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Reading between the lines at AUSMIN 2023: preparedness is key

Updated: Oct 27, 2023

31 July 2023 | Jennifer Parker

*Originally published in The Strategist 31 July 2023. Link to original version.



The lead-up to Saturday’s meeting between Australia’s defence and foreign affairs ministers and their US counterparts was low key, as were the expectations. But optics and substance are not always perfectly matched with AUSMIN meetings, and of course it’s never entirely clear what goes on behind closed doors.


On a close read, there’s an underlying theme in the four principals’ joint communiqué to which the Australian public should be alive, and that is one of preparedness. It is a difficult conversation, clearly, and one that is easier to avoid in the short term. But the agreements in the communiqué focus squarely on the theme—even if the term itself isn’t used—that we need to be prepared should strategic competition escalate to crisis or conflict.


As part of this theme of preparedness, the importance of the US–Australia force posture initiatives were re-enforced. Signed in 2014, the five initiatives under the force posture agreement all received a mention, with new areas of coordination highlighted. A sixth element was added under space coordination.


The communiqué highlighted an intent to ‘operationalise the alliance’, a theme that threaded through the majority of the defence cooperation areas announced. But operationalise to what end? Clearly, the aim is to be prepared for what might occur in our region.


A key element of the focus on ‘operationalising the alliance’ was the agreement to rotate US Navy maritime patrol and reconnaissance aircraft through Australia to enhance regional maritime domain awareness. The US aircraft in question will be the P-8 Poseidon, a capable intelligence, surveillance and reconnaissance and anti-submarine-warfare platform of which Australia operates 12.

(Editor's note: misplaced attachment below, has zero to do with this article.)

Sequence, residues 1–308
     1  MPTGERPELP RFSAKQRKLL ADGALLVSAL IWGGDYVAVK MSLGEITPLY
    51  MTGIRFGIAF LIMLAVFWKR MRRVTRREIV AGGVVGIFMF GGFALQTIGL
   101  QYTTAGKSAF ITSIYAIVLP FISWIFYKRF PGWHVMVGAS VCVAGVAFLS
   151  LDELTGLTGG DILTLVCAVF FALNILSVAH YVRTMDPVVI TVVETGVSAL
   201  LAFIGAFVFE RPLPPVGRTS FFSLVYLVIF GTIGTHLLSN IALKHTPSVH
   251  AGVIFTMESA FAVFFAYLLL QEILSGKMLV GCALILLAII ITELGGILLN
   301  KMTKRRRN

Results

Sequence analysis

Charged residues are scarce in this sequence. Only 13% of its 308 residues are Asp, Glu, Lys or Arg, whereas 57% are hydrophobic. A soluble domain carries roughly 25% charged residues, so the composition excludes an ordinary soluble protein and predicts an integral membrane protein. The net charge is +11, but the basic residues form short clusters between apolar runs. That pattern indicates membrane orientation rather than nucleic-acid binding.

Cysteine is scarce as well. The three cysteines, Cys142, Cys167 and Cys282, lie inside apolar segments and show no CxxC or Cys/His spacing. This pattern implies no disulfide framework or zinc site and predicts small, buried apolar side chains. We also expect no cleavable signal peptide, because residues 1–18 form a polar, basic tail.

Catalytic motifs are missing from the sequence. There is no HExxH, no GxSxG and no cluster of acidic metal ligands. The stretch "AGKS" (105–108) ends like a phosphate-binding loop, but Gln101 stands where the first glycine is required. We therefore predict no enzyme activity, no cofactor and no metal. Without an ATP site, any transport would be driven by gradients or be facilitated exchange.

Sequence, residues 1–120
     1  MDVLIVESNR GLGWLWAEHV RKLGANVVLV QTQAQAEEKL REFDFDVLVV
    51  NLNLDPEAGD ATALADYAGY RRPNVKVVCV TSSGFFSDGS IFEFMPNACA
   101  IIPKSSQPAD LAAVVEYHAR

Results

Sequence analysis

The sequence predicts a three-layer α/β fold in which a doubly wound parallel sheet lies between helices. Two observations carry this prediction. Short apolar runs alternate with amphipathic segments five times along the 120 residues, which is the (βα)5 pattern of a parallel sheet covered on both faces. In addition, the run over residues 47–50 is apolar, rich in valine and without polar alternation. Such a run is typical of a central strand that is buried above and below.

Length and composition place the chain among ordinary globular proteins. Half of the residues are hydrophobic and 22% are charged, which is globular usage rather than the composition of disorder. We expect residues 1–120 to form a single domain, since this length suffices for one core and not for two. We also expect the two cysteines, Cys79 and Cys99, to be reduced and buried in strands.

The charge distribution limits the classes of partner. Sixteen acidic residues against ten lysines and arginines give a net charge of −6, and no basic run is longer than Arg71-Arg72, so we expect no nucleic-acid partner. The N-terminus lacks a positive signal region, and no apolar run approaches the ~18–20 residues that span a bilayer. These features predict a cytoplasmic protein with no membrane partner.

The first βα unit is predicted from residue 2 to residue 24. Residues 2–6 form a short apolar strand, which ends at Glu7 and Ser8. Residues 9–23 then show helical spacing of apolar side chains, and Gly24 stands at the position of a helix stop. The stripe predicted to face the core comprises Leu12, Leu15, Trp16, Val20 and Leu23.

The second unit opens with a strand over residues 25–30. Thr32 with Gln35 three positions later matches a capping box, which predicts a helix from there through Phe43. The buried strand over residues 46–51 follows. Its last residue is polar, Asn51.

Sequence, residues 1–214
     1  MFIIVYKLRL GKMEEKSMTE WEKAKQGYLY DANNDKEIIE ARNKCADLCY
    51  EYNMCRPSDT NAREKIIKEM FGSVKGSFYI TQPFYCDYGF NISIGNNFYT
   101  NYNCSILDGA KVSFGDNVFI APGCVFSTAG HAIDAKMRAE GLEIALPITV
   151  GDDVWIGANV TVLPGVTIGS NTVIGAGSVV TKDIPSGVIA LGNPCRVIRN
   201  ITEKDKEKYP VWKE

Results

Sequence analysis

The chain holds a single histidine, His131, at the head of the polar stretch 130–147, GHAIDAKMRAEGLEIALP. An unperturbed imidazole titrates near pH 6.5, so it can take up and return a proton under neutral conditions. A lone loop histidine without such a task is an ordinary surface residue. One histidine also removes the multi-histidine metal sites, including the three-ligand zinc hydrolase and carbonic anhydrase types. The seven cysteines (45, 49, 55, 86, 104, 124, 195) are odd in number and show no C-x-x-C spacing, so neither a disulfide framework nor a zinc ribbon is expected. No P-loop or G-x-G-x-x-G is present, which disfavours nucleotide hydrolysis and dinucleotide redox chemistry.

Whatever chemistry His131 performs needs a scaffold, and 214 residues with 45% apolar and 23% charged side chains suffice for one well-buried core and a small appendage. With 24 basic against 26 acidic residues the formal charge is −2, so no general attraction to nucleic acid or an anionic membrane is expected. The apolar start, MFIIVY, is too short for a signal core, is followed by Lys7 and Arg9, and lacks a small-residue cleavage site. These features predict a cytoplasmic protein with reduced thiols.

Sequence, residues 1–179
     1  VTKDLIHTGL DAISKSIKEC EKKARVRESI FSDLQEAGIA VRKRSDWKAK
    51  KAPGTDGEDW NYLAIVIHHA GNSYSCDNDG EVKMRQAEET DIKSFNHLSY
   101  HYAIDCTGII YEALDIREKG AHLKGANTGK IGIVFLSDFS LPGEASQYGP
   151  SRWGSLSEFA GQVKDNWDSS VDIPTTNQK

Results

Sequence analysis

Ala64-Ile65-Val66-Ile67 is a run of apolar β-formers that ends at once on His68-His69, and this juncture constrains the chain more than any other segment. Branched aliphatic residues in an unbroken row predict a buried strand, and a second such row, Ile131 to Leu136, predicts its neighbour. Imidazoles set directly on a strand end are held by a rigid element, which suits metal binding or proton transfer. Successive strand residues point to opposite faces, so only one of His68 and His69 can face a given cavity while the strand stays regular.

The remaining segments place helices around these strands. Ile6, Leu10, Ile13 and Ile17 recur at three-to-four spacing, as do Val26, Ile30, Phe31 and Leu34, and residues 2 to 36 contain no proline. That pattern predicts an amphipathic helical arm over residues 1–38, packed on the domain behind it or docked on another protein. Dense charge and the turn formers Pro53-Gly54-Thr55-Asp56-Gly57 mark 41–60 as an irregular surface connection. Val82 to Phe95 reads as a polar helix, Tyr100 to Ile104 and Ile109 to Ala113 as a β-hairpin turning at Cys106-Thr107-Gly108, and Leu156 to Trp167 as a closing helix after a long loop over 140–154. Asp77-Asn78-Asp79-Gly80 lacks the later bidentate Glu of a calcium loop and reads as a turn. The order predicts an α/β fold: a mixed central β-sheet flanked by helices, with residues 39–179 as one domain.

While US P-8s already operate in the region from Okinawa and Guam, this move not only provides depth in operations in Southeast Asia and the Western Pacific, but also allows for increased interoperability, or arguably interchangeability, with the Royal Australian Air Force fleet. Under the enhanced air cooperation program, there were also mentions of the already agreed upgrades of RAAF bases Darwin and Tindal. And there were commitments to scope additional upgrades to two bare bases—RAAF Base Scherger in Queensland, approximately 470 kilometres south of Cape York, and RAAF Base Curtin in Western Australia, approximately 200 kilometres from Broome.


This agreement is consistent with the messaging of the Australian government in both the 2020 force structure plan and the recent defence strategic review. Given that the government almost certainly had work planned for these bases, the mention in the AUSMIN communiqué is telling in itself. There is always a decision at AUSMIN on what parts of the discussions to include in the public-facing document and what to keep behind closed doors. In some ways, every aspect of the communiqué should be considered through this lens. The continued focus on joint US–Australian efforts to upgrade bare bases is sending a public message that in a crisis or conflict US assets will operate from dispersed bases in northern Australia to mitigate the risk that Chinese military capabilities pose to US bases on Okinawa and Guam. And on the theme of preparedness, an underlying message is that, while not inevitable, the likelihood of a crisis or conflict is not remote.


The theme of operationalising the alliance was also evident in the discussion of both the land and logistics elements of the force posture initiatives. The intent to rotate US Army watercraft through Australia appears new, and is timely given the defence strategic review’s focus on accelerating Australian Army littoral capability. The rationale behind this decision isn’t entirely evident; however, there are obvious benefits in mitigating the capability gap until the Australian Army acquires or upgrades its capabilities in this space. On the land domain front, there was also agreement to conduct a ‘proof of principle’ prepositioning of US Army stores in Bandiana, Victoria.


The defence-related themes also explored areas of collaboration on integrated air and missile defence, guided weapons and explosive ordnance, and intelligence. The relationship with Japan warranted a strong mention that indicated a desire to increase trilateral cooperation on exercises and training-related activities, including activities directly related to the RAAF F-35 joint strike fighter.


There was a lot in the joint communiqué for defence and foreign policy pundits to be intrigued by. But the document isn’t just important to those with a specific interest in defence and foreign policy. It contains an important message for all Australians that deserves attention. The likelihood of a crisis or conflict in our region is not remote, and our preparedness to confront this fact deserves attention.

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